The first group of Syrian refugees to be accepted under the Vulnerable Persons Relocation Scheme (VPRS) arrived in the United Kingdom on Tuesday 25 March. The Scheme, announced by the UK Government in January, will offer the most vulnerable refugees fleeing the crisis protection in the UK. Beneficiaries of the scheme will be granted 5 years’ humanitarian protection. This will provide them with the same key rights and benefits as refugees, including the right to work, eligibility for welfare benefits, access to statutory services such as health and education, as well as the right to apply for family reunification.
The first group were met at the airport by experienced personnel and accompanied to their city of destination by coach where they spent their first night at a hotel. A welcome pack and pre-organised presentations were arranged for the following morning aimed at offering an initial introduction to their new city and to provide information on the arrangements that had been put in place to aid the resettlement of the families.
Delivery partners from all aspects of the programme, who work as a close knit team, participated in these sessions including those from education, health, housing and the ‘wrap around’ support provider who will be supporting the families. The team delivering ‘wrap around’ support has allocated a case worker to each family and they will support the families for a full year. Support packages will be designed and delivered in accordance with individual needs and will include ESOL training for the adults.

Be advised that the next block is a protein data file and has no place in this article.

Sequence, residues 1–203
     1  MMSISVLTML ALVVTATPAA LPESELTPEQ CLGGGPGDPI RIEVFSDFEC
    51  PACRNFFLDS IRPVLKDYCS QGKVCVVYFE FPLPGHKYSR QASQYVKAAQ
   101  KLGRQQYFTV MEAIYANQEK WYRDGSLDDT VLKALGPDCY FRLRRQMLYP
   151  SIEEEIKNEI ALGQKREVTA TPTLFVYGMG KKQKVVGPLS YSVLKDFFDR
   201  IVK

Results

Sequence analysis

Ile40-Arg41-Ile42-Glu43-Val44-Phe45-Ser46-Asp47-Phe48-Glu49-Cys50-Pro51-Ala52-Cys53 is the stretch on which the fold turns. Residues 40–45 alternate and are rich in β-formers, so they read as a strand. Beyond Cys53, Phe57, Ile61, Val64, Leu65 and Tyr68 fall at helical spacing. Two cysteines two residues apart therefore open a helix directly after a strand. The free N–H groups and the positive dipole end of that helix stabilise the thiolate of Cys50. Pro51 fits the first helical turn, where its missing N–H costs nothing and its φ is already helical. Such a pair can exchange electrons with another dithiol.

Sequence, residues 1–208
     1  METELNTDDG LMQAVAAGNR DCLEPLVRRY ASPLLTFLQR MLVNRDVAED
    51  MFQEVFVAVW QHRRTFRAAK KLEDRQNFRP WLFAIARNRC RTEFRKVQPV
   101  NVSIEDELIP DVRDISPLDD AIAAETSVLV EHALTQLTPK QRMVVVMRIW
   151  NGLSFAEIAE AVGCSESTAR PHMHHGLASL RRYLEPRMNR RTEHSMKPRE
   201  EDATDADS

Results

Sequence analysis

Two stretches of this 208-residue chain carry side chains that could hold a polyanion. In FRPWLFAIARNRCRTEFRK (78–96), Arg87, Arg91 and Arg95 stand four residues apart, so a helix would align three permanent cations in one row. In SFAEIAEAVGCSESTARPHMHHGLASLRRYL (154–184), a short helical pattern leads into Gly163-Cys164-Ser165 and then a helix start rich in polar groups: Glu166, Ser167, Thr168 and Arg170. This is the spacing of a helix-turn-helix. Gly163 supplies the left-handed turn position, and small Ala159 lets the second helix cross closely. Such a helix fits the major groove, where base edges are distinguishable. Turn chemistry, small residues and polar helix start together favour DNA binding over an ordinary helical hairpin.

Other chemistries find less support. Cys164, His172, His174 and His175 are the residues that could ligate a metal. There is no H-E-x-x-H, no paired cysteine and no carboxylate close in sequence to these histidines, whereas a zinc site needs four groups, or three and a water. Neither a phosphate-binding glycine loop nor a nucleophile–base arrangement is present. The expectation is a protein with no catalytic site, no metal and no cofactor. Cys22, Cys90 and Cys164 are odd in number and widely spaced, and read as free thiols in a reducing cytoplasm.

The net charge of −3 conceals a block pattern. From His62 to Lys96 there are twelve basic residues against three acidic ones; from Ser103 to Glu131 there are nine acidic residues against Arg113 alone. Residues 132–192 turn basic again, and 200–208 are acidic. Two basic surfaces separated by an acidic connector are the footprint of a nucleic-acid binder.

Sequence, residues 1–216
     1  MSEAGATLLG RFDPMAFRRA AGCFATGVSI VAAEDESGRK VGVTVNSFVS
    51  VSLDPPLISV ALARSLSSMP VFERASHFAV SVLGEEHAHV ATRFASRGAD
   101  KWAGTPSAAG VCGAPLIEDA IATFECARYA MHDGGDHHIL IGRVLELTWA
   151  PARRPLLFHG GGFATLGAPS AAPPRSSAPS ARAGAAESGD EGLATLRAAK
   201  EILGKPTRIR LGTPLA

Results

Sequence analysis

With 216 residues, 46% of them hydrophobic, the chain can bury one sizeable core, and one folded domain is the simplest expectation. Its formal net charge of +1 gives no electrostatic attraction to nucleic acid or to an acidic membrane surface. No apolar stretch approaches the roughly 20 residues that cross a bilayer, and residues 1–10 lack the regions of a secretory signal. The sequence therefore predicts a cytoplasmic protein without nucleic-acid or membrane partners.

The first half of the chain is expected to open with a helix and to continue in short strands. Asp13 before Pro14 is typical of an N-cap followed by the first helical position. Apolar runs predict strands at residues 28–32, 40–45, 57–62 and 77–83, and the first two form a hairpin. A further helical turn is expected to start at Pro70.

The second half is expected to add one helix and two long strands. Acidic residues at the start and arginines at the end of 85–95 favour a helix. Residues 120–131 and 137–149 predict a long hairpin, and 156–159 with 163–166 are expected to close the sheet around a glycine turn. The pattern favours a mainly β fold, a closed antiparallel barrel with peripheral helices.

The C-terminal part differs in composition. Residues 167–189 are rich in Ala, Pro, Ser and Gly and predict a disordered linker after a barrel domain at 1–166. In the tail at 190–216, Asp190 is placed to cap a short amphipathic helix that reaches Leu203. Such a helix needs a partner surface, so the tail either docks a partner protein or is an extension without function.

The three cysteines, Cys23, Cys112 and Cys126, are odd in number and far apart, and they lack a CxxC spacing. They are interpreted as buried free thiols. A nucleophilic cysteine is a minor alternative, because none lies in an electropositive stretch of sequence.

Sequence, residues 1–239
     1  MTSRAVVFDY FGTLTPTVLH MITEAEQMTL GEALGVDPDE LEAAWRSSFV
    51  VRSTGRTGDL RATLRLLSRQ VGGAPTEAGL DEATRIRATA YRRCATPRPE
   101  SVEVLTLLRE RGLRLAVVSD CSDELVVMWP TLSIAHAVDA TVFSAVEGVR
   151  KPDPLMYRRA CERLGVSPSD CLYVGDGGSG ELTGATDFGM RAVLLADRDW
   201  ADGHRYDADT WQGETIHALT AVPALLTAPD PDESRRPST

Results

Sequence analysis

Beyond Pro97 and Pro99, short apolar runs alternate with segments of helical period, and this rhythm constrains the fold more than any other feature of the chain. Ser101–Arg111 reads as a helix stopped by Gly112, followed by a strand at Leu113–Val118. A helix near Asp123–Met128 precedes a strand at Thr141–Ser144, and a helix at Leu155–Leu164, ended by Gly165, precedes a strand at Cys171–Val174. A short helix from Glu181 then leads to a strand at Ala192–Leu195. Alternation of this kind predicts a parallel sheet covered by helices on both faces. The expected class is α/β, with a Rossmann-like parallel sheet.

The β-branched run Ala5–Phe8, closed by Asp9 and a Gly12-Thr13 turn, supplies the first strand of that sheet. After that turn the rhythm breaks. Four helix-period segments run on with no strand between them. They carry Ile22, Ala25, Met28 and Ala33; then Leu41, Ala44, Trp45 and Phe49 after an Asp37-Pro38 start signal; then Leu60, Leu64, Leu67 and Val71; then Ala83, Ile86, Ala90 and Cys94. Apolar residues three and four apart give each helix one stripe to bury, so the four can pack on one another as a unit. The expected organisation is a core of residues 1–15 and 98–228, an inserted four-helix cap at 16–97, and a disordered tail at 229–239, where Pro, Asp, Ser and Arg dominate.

After the presentations and introductions, the families were accompanied by their case workers and interpreters to their new furnished homes, which have been selected to meet the needs of individual families. During the week families were supported to complete their benefit claims at the jobcentre, and to register with a specialist primary healthcare provider who will conduct the initial health checks. The families will also be supported to enrol for Biometric Residence Permits at the Post Office, an important step to facilitate access to mainstream services. Case workers also help to orientate the families in the city by showing them around and accompanying them to the shops etc.
The families are settling well and are very appreciative of the help they have received and the opportunity they have been given to settle in this country. Several hundred refugees, including women and children at risk, survivors of torture and violence and those with medical needs are expected to arrive in the UK under this Scheme over the next three years as part of the UK’s response to the Syrian refugee crisis.
To learn more about the crisis in Syria and other European countries’ commitments to provide protection to Syrian refugees, click here.
©Picture: UNHCR/Lynsey Addario/March 2014 - Syrian refugees await registration at the UNHCR compound in Tripoli.
 Presentations included: An introduction to City; Meeting staff (introduction to case workers); Housing/tenancies; The itinerary over the next week; The support that will be provided; Education (school places are being arranged for the children). ESOL/CO; TB screening; Primary healthcare and the arrangements that had been put in place for those with secondary healthcare needs.